The COVID-19 pandemic, and sequencing of the causative virus SARS-CoV-2 at the beginning of 2020, led to the rapid development of the first approved mRNA vaccines. BioNTech and Moderna in December of the same year obtained approval for their mRNA-based COVID-19 vaccines. On 2 December, seven days after its final eight-week trial, the UK Medicines and Healthcare products Regulatory Agency (MHRA) became the first global medicines regulator in history to approve an mRNA vaccine, granting emergency authorization for Pfizer–BioNTech's BNT162b2 COVID-19 vaccine for widespread use. On 11 December, the FDA gave emergency use authorization for the Pfizer–BioNTech COVID-19 vaccine and a week later similar approval for the Moderna COVID-19 vaccine.
The goal of a vaccine is to stimulate the adaptive immune system to create antibodies that precisely target that particular pathogen. The markers on the pathogen that the antibodies target are called antigens.
Traditional vaccines stimulate an antibody response by injecting either antigens, an attenuated (weakened) virus, an inactivated (dead) virus, or a recombinant antigen-encoding viral vector (harmless carrier virus with an antigen transgene) into the body. These antigens and viruses are prepared and grown outside the body.
In contrast, mRNA vaccines introduce a short-lived synthetically created fragment of the RNA sequence of a virus into the individual being vaccinated. These mRNA fragments are taken up by dendritic cells through phagocytosis. The dendritic cells use their internal machinery (ribosomes) to read the mRNA and produce the viral antigens that the mRNA encodes. The body degrades the mRNA fragments within a few days of introduction. Although non-immune cells can potentially also absorb vaccine mRNA, produce antigens, and display the antigens on their surfaces, dendritic cells absorb the mRNA globules much more readily. The mRNA fragments are translated in the cytoplasm and do not affect the body's genomic DNA, located separately in the cell nucleus.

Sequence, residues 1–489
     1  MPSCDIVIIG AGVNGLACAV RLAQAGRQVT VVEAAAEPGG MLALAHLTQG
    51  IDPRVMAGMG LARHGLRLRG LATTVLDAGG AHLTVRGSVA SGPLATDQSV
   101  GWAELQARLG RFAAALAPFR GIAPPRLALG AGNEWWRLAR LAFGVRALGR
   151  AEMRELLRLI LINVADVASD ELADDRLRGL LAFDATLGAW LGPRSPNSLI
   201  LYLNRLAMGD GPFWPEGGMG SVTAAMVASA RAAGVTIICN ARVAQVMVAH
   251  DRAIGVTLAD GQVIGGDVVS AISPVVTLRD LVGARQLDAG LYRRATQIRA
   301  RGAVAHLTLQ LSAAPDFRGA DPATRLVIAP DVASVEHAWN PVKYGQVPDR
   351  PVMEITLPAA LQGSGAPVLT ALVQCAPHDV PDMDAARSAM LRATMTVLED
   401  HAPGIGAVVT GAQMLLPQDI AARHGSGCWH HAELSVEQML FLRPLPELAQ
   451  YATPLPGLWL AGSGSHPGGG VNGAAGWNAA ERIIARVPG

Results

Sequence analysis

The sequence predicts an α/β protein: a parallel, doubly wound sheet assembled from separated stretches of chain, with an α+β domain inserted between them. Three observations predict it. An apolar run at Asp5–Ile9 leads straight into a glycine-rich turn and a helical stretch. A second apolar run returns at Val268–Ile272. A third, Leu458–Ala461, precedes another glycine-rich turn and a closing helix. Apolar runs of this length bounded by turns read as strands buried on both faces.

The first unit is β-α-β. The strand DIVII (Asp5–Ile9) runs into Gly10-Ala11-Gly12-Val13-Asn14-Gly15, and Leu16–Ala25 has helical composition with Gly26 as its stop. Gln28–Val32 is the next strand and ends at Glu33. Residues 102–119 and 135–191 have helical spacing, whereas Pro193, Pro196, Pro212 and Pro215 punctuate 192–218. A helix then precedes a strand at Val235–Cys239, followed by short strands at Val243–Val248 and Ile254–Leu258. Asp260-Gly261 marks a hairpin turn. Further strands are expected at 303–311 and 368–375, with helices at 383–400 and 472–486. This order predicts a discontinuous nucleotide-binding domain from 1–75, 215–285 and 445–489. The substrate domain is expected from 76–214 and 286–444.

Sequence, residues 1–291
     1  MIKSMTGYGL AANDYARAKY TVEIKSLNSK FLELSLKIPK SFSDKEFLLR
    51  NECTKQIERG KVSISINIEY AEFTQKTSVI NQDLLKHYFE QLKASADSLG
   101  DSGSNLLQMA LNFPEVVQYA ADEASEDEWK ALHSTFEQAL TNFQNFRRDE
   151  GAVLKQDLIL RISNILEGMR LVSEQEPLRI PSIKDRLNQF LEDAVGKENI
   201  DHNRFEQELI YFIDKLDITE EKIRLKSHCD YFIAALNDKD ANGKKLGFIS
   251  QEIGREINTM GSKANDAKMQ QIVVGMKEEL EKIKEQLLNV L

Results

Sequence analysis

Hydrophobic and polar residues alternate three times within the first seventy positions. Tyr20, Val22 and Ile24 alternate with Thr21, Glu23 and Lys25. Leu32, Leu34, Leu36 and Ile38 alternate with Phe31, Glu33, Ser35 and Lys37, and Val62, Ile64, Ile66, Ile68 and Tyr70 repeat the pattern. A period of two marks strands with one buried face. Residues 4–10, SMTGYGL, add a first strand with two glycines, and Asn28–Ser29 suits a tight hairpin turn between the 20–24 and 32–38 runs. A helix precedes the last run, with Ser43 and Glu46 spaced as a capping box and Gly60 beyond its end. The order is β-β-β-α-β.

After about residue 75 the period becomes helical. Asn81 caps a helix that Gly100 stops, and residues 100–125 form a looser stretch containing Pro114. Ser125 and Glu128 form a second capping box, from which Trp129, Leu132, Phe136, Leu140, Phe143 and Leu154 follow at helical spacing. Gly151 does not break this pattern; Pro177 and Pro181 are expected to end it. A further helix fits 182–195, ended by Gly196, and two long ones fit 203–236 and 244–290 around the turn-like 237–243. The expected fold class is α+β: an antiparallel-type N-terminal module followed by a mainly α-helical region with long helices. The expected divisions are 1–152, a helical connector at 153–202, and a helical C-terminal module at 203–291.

Once the viral antigens are produced by the host cell, the normal adaptive immune system processes are followed. Antigens are broken down by proteasomes. Class I and class II MHC molecules then attach to the antigen and transport it to the cellular membrane, "activating" the dendritic cell. Once activated, dendritic cells migrate to lymph nodes, where they present the antigen to T cells and B cells. This triggers the production of antibodies specifically targeted to the antigen, ultimately resulting in immunity.
The central component of a mRNA vaccine is its mRNA construct. The in vitro transcribed mRNA is generated from an engineered plasmid DNA, which has an RNA polymerase promoter and sequence which corresponds to the mRNA construct. By combining T7 phage RNA polymerase and the plasmid DNA, the mRNA can be transcribed in the lab. Efficacy of the vaccine is dependent on the stability and structure of the designed mRNA.
The in vitro transcribed mRNA has the same structural components as natural mRNA in eukaryotic cells. It has a 5' cap, a 5'-untranslated region (UTR) and 3'-UTR, an open reading frame (ORF), which encodes the relevant antigen, and a 3'-poly(A) tail. By modifying these different components of the synthetic mRNA, the stability and translational ability of the mRNA can be enhanced, and in turn, the efficacy of the vaccine improved.
The mRNA can be improved by using synthetic 5'-cap analogues which enhance the stability and increase protein translation. Similarly, regulatory elements in the 5'-untranslated region and the 3'-untranslated region can be altered, and the length of the poly(A) tail optimized, to stabilize the mRNA and increase protein production. The mRNA nucleotides can be modified to both decrease innate immune activation and increase the mRNA's half-life in the host cell. The nucleic acid sequence and codon usage impacts protein translation. Enriching the sequence with guanine-cytosine content improves mRNA stability and half-life and, in turn, protein production. Replacing rare codons with synonymous codons frequently used by the host cell also enhances protein production.
For a vaccine to be successful, sufficient mRNA must enter the host cell cytoplasm to stimulate production of the specific antigens. Entry of mRNA molecules, however, faces a number of difficulties. Not only are mRNA molecules too large to cross the cell membrane by simple diffusion, they are also negatively charged like the cell membrane, which causes a mutual electrostatic repulsion. Additionally, mRNA is easily degraded by RNAases in skin and blood.